Sunday, 24 January 2016

The X-Files Awakens

Well, this is shaping up to be a month of resurgences for long-dormant SF franchises. After the new Star Wars, which seems to have swept away a bunch of records, the X-Files has also made its return to TV screens, almost 14 years after it ended. Naturally, I was ready to watch it, even when it looked as if it wouldn't be on until 10pm, though luckily, that turned out to refer to the Eastern time zone, and it actually aired on the West Coast at 7.30pm.

Like The Force Awakens, the new episode of the X-Files attempts to ignore all the crap that came most recently (although Force Awakens had the advantage of being a direct sequel to Return of the Jedi, whereas this doesn't). What it does offer is the main characters (ie, the ones we came to see) picking up where they left off; it also offers a bunch of references and throwbacks to the past, in the shape of supporting characters.

But if I gave The Force Awakens a solid B/B+, and felt the need to watch it a second time, I'd say this new X-Files is a shade less successful. While the X-Files was always heavily associated with its creator, Chris Carter (similar to Babylon 5 with J. Michael Straczynski), the consensus of the last few years seems to be that the very best episodes were written by others: Vince Gilligan, for one, or Glen Morgan and James Wong. The mythology episodes, which ended up dragging the show down to a certain extent, tended to be written by Carter.

And so it proves here. While Carter did a good job in this first episode of not bogging things down too much with the past - we see Mulder, we see Scully, we see Skinner and we see aliens (or do we?) - the episode doesn't quite hit the heights of the first few seasons.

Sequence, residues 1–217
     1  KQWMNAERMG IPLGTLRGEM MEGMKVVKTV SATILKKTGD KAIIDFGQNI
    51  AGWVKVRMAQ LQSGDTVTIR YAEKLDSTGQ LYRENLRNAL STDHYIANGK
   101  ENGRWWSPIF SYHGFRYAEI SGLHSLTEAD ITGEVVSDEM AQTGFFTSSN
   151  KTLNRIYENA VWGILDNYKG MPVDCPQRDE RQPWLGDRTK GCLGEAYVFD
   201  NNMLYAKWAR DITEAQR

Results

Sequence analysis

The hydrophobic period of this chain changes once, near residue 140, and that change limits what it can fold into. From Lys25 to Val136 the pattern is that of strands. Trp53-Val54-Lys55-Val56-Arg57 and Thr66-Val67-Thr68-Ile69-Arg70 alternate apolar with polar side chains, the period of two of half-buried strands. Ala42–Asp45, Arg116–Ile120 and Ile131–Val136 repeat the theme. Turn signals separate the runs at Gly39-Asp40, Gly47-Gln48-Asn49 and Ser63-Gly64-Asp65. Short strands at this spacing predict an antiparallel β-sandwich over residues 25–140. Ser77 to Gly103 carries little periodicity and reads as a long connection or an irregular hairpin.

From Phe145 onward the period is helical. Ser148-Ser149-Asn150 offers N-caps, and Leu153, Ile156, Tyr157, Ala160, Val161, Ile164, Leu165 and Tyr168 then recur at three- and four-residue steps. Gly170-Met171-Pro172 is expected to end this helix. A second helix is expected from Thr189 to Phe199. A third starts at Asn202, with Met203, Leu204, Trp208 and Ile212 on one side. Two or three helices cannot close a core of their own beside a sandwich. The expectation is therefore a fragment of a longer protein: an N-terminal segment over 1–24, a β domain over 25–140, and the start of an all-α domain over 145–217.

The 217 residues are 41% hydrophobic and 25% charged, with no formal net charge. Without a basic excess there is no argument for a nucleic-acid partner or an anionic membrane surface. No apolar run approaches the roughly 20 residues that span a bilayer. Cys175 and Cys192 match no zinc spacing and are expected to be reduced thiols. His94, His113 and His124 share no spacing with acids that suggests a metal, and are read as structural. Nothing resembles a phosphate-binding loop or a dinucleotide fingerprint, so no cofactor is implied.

It's hard to say why, save that certain scenes really showed the script - by which I mean, the actors' delivery felt like they were reading lines, rather than living the scene. Carter's scripts/dialogue weren't always top-notch, but David Duchovny and Gillian Anderson were always good enough actors that it didn't matter. Maybe here they were just a bit rusty?

On the other hand, while the story here isn't as tense and creepy as, say, the pilot, it's good to see them picking up essentially where it left off, and even addressing the time in between. I always found it odd how the X-Files didn't seem to fit into the post-9/11 world, and some of the exposition delves into why it was absent for, arguably, the time we needed it most. Another positive is how well it takes up the thread of what's current now - drones, the internet, right-wing conspiracy theorists - and weaves it together into something coherent.

In any case, one of the things that's gotten me really excited about this mini-series (or "event", as Fox likes to call it) is that not all of the six episodes will be mythology episodes. The creators (including a returning Morgan and Wong, apparently) have promised a survey of all the stuff that made the X-Files great, from monster-of-the-week stories to the funnier episodes that the show used to do so well.

Also, despite my comments earlier about the most recent crap, I'm genuinely excited that Agent Monica Reyes (Annabeth Gish) will be making an appearance. She was part of the cast of the final season, when Duchovny left the show, and thought she did a creditable job partnering with Gillian Anderson and with Robert Patrick as John Doggett - I just hope Doggett makes an appearance too.